Buy to Let and Portfolio Issues
Very often when there are healthy markets, investors can only see upward growth. However, if these rises don’t happen then investors get left with what are known as ‘involved’ portfolios of buy to let/investment properties.
Typically, these portfolios have a number of properties with relatively low prices and similarly low rents. They may yield a return but when you take out costs and mortgage payment, it does not leave much of a “buffer”.
Often the investor sees such portfolios as a distraction. The initial model is to ultimately cash out when prices rise. If you own 20 properties with an average purchase price of £75,000 and £60,000 mortgages each; the model is to leverage the £15,000 investment each to ‘ride the rising market’. When the expected 20% rise doesn’t occur then they become ‘unloved’. Invariably things go wrong and very often the portfolio starts to absorb rather than generate cash.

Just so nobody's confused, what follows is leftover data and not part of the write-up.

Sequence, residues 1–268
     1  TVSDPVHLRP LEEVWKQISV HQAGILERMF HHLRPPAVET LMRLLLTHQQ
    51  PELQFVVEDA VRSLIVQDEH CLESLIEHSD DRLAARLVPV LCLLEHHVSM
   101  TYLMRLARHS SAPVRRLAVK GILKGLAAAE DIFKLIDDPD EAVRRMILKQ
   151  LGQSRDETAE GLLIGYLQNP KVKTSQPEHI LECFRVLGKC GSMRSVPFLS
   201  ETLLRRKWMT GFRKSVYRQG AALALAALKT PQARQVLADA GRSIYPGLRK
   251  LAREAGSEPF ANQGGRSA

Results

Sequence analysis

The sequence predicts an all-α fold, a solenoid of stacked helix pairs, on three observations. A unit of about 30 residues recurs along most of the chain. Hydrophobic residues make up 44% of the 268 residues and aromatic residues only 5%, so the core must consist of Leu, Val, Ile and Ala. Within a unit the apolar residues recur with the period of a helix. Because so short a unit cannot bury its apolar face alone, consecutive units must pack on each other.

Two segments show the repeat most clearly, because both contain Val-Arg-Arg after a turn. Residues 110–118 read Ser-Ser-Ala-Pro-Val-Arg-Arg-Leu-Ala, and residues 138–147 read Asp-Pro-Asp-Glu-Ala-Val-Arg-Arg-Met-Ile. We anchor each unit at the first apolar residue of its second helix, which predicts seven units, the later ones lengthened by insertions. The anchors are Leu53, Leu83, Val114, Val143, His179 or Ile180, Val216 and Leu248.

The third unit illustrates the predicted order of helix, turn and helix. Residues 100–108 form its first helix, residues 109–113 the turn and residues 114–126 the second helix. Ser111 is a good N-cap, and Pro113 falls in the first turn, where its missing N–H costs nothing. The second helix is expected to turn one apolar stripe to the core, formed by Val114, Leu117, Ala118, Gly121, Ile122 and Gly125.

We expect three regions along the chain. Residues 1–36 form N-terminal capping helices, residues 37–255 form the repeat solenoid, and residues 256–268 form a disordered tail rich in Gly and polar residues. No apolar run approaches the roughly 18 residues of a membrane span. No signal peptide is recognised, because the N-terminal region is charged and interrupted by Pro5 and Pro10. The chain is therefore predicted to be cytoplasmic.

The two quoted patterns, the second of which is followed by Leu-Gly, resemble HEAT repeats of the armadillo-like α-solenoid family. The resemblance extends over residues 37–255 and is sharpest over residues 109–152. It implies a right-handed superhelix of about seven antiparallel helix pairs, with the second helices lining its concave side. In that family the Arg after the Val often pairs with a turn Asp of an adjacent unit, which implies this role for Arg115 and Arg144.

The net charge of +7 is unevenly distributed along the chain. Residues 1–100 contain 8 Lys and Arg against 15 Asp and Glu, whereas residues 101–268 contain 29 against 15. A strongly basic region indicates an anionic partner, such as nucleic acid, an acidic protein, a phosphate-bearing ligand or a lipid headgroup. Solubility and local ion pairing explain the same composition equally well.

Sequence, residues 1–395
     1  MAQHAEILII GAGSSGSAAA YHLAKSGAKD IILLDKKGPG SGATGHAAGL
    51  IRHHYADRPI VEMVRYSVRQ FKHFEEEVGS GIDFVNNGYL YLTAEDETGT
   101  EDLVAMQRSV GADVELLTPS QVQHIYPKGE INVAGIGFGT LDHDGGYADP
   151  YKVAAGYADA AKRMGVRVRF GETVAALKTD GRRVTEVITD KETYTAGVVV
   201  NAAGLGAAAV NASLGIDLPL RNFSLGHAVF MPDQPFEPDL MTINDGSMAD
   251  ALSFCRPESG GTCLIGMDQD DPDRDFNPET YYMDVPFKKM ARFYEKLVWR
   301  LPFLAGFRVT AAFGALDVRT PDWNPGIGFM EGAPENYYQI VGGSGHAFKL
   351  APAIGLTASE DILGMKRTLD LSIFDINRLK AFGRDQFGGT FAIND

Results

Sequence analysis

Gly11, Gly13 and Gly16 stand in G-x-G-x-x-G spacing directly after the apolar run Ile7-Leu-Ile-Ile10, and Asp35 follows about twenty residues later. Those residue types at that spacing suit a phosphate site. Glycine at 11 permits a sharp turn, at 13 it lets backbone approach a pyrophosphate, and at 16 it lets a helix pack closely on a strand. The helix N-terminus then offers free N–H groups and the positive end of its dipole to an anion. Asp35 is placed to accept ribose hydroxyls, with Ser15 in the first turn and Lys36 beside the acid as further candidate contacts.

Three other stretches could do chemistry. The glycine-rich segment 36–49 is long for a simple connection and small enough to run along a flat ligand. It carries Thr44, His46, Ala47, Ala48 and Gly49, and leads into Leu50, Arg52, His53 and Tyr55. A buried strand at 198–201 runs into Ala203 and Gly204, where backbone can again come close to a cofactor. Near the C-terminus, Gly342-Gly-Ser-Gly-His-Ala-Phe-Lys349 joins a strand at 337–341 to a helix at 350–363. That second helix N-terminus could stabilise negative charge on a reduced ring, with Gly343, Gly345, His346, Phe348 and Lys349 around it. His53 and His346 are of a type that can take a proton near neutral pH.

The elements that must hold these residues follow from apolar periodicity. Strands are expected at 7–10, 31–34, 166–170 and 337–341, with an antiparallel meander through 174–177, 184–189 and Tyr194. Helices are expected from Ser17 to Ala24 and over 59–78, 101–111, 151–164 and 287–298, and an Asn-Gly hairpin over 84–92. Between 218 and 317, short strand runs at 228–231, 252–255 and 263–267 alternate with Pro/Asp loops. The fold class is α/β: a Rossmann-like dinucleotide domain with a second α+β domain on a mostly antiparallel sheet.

The important approach to any portfolio that is struggling is to separate the properties with each lender and deal with them accordingly. Then it is a case of maximising the return on a lender basis.
This is a simplistic example but gives an indication of how we at Bell and Company review and advise in such cases. Our intellectual property in this specialised area of work enables us to first:
- Minimise any landlord’s personal exposure, and
- Understand how the differing lenders work.